This is a disempowering time for most of us. The world is at war with the Coronavirus (aka COVID-19); there are doctors, nurses and medical researchers on the front lines, but you’re in your home office battling nothing more substantial than your to-do list. Fortunately, with a few spare CPU or GPU cycles, you can have some agency in this crisis and help us trounce our rivals at Anandtech at the same time.
Starting today, March 18th, at 10 am ET, Tom’s Hardware and Anandtech are participating in a fold off to see whose readers can register the most Folding@home work units before April 15th at 10 am ET. To join in the fight, all you need to do is install and run the Folding@home app on your computer while registering for the official Tom’s Hardware team, which is number #40051.
Both Tom’s Hardware and Anandtech have had folding teams for years, so to make this a fair fight, we are counting only the points earned between the start and end dates of this competition. As of March 18 at 10 am ET, Tom’s Hardware had 33,297,662,789 points and Anandtech had 40,450,303,145 so that's our zero piont. You can follow the competition on our stats page or subtract those old points from the overall total to know what our current score is in this fold-off. We’ll be posting periodically on our progress and you can also join the discussion in our official fold-off forum thread.
Caveat: Folding@home’s servers are being hit hard
Please note that Folding@home’s stats server is sometimes overwhelmed and returns Gateway errors when you are trying to see the point totals for either Tom’s Hardware (team 40051) or Anandtech (team 198) via Folding's site. However, the points are being recorded at all times and will also be visible on our own competition page (though it depends on Folding's server's to update the totals).
It’s also worth noting that sometimes your computer may have to wait a while to be assigned new work units. But don’t give up, because your computer will be assigned projects and the software will keep requesting them.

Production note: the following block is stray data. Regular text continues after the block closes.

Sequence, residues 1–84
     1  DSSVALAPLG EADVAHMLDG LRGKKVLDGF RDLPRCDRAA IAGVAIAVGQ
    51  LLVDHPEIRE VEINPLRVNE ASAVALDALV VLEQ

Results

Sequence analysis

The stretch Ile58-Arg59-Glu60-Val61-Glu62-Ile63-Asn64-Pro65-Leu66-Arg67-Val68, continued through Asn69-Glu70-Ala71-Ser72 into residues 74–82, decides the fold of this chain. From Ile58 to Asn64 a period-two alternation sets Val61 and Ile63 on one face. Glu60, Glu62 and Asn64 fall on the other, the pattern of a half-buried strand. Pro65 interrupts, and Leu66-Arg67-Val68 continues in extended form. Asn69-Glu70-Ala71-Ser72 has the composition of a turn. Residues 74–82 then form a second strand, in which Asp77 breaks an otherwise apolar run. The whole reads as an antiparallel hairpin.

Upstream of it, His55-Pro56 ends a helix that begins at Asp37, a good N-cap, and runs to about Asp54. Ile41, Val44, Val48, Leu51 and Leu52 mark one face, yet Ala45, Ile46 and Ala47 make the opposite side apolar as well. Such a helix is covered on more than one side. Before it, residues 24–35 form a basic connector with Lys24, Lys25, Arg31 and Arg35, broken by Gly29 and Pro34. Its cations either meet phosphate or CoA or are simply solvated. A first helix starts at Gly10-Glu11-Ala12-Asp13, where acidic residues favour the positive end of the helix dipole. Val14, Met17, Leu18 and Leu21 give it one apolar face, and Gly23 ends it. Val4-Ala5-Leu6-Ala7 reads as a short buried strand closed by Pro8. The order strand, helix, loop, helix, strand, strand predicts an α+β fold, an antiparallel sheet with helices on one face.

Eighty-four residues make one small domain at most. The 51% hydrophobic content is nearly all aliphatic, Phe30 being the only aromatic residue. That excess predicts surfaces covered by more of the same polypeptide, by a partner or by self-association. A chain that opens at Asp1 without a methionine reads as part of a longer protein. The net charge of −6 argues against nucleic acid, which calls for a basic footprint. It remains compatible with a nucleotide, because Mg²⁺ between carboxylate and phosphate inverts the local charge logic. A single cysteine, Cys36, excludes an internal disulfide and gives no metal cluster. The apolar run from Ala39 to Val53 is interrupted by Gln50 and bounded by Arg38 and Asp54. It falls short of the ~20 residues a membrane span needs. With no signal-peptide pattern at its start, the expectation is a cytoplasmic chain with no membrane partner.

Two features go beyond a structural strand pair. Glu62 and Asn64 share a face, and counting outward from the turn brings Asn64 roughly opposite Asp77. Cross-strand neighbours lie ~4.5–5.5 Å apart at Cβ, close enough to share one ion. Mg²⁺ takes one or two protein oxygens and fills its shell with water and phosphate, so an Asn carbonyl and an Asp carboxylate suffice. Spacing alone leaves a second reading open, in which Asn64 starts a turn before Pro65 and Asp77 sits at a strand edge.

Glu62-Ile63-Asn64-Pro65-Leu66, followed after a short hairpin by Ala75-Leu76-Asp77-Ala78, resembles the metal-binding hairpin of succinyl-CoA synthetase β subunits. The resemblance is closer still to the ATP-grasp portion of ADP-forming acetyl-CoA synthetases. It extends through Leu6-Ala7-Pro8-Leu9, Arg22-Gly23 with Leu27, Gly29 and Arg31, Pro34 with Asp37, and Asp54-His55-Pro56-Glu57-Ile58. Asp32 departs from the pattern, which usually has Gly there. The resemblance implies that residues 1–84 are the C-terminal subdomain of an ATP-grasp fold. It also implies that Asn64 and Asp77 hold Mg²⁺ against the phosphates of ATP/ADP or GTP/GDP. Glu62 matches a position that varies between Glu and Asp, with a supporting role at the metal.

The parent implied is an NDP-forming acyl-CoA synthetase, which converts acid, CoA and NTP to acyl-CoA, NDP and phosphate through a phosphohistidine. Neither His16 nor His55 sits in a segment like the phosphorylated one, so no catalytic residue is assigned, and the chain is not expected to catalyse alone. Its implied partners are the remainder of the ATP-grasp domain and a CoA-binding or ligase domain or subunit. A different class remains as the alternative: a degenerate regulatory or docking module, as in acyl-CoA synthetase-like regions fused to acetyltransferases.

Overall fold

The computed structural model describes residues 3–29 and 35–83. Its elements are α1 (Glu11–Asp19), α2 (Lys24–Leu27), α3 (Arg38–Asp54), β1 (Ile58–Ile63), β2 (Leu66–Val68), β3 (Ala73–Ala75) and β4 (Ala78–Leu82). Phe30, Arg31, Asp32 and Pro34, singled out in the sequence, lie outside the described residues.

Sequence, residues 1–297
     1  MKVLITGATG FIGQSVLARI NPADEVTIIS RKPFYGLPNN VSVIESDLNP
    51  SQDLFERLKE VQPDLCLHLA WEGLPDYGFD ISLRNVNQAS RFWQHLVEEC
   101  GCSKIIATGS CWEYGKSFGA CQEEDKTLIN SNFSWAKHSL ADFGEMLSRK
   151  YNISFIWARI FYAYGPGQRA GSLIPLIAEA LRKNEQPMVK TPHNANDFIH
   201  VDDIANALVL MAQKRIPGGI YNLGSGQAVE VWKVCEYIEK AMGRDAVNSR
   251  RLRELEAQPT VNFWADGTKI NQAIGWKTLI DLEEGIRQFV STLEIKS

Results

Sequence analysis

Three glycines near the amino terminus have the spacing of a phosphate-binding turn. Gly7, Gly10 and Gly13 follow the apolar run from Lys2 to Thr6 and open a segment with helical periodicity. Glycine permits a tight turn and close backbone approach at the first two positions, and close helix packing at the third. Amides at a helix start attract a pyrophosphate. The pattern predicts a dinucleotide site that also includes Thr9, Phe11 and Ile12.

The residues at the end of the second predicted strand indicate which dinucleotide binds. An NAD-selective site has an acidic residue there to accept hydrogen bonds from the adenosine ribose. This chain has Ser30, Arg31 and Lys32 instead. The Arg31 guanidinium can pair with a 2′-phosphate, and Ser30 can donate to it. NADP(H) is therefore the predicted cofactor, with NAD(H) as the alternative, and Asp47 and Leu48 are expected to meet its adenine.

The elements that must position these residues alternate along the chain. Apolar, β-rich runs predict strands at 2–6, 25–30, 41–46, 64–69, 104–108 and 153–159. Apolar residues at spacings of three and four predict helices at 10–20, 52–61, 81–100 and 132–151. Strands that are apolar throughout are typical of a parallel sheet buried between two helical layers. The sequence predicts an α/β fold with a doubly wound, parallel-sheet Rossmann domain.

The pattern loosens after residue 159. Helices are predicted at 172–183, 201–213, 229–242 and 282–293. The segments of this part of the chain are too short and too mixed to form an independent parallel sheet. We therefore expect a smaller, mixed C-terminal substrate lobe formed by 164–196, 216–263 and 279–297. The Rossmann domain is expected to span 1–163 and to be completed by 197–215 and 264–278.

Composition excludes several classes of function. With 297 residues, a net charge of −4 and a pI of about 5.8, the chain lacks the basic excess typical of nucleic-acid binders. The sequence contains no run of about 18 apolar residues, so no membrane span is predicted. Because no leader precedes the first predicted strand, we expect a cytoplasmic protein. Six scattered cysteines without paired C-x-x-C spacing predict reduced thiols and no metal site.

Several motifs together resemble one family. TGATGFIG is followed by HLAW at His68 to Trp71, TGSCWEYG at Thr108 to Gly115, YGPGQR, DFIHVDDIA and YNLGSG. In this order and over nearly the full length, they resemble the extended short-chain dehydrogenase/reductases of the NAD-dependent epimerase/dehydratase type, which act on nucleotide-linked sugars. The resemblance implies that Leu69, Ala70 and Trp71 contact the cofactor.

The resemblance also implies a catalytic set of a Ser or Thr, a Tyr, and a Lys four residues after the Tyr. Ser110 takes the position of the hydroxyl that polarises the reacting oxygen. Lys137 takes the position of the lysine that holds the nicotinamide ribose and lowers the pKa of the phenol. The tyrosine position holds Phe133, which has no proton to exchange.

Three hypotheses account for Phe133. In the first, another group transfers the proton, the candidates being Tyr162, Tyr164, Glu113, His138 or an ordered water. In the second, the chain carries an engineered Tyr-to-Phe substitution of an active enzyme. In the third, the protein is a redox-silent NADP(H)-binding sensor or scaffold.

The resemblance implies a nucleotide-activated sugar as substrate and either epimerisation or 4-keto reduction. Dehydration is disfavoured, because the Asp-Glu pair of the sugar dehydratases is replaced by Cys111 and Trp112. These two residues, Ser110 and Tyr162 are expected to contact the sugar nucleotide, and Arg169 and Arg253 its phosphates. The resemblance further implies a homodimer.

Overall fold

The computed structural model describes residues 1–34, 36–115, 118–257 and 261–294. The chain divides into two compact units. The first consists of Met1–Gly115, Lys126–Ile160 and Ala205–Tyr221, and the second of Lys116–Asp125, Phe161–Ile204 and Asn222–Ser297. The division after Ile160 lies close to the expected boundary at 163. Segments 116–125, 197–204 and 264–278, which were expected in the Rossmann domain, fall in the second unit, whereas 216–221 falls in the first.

Run out of Stanford University, Folding@home is a massive distributed computing project that allows anyone with a PC or Mac to help with important medical research projects like the search for a Coronavirus vaccine. The project uses your computer’s spare cycles to simulate a process called protein folding, which is used by both viruses and human cells. By knowing how a virus such as COVID-19 operates, researchers can develop vaccines or other treatments.
Folding@home first launched in 2000 and is used in the fight against a wide variety of diseases, including cancer, Alzheimer’s and Huntington’s. When you run the app, you’ll have the option to choose whether to participate in research for “Any Disease” or specifically Alzheimer’s, cancer, Huntington’s or Parkinson’s. Leave the setting at its default, Any Disease, to fight COVID-19. Not all workloads will be COVID-19 related, but even if your computer ends up on a cancer project for a few hours, you’re still helping and the points still count.
How to Install and Set Up Folding@home
The process is pretty self explanatory, but you can also follow the steps below:
1. Download and run the Folding@home installer. You can get it at https://foldingathome.org/start-folding/ (opens in new tab)
2. Select Custom install during the install process.
3. Choose when to have Folding@home start when prompted. We recommend “Automatic start at login time” so it always runs when you boot.
The software will then take a minute or two to actually install. After you click finish and allow it to launch for the first time, you’ll see a screen open in your browser.
4. Click change identity.
5. Select a unique username.
6. Enter team number 40051 to join the Tom’s Hardware team.
7. Create and enter a new passkey by clicking the “Get a Passkey” link and following the instructions to have one emailed to you.
8. Click Save.
9. Choose how much power you want to devote to Folding@Home. Choosing Light interferes less with your work but is less productive. I used Full while writing this and saw no interruption.
10. Choose when you want Folding@home to work. We recommend “While I’m working” because it’s a lot more productive than “Only when idle.” If your system gets too sluggish or noisy, you can always dial back the power usage or change up the time that your system is folding.
Tips for Improving Your Folding@home Performance
1. Disable sleep and leave your PC on so you Folding@home runs in the background. Note that this will increase your electric bill to some degree--but it’s for a good cause.
2. Use Linux instead of Windows if possible. Linux tends to process Folding@home work units a bit faster.
3. Increase the Folding Core Priority to “Slightly Higher” by right clicking on the tray icon, selecting Advanced Control, clicking Configure and selecting “Slightly Higher” on the Advanced tab.
4. Increase the Checkpointing Frequency to 30 min from the default 15 min. This setting is also on the Advanced tab. Checkpointing saves work in case the program crashes, but it also slows the work down.